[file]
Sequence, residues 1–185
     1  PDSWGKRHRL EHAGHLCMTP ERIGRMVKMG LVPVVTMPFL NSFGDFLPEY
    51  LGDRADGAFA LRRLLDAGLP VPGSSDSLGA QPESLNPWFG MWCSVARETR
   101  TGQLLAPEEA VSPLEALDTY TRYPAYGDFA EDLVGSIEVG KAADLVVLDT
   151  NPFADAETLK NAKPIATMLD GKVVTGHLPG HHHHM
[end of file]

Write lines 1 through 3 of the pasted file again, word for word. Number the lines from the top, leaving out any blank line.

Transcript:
Sequence, residues 1–185
     1  PDSWGKRHRL EHAGHLCMTP ERIGRMVKMG LVPVVTMPFL NSFGDFLPEY
    51  LGDRADGAFA LRRLLDAGLP VPGSSDSLGA QPESLNPWFG MWCSVARETR